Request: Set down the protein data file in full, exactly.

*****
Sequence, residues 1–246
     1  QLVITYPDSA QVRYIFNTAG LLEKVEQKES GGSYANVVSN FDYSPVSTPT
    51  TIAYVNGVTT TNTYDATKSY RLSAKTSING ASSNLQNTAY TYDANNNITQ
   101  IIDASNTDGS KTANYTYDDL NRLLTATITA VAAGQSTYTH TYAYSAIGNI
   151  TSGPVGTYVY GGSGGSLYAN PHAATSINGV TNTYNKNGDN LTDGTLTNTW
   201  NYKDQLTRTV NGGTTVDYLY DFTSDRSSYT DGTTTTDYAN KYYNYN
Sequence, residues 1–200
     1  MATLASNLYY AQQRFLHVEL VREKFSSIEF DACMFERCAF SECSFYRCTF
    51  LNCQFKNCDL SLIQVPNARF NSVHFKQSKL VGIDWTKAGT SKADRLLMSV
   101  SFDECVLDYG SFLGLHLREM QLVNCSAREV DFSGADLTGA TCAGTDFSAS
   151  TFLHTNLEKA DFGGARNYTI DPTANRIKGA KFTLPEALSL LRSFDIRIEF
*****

Sequence, residues 1–246
     1  QLVITYPDSA QVRYIFNTAG LLEKVEQKES GGSYANVVSN FDYSPVSTPT
    51  TIAYVNGVTT TNTYDATKSY RLSAKTSING ASSNLQNTAY TYDANNNITQ
   101  IIDASNTDGS KTANYTYDDL NRLLTATITA VAAGQSTYTH TYAYSAIGNI
   151  TSGPVGTYVY GGSGGSLYAN PHAATSINGV TNTYNKNGDN LTDGTLTNTW
   201  NYKDQLTRTV NGGTTVDYLY DFTSDRSSYT DGTTTTDYAN KYYNYN
Sequence, residues 1–200
     1  MATLASNLYY AQQRFLHVEL VREKFSSIEF DACMFERCAF SECSFYRCTF
    51  LNCQFKNCDL SLIQVPNARF NSVHFKQSKL VGIDWTKAGT SKADRLLMSV
   101  SFDECVLDYG SFLGLHLREM QLVNCSAREV DFSGADLTGA TCAGTDFSAS
   151  TFLHTNLEKA DFGGARNYTI DPTANRIKGA KFTLPEALSL LRSFDIRIEF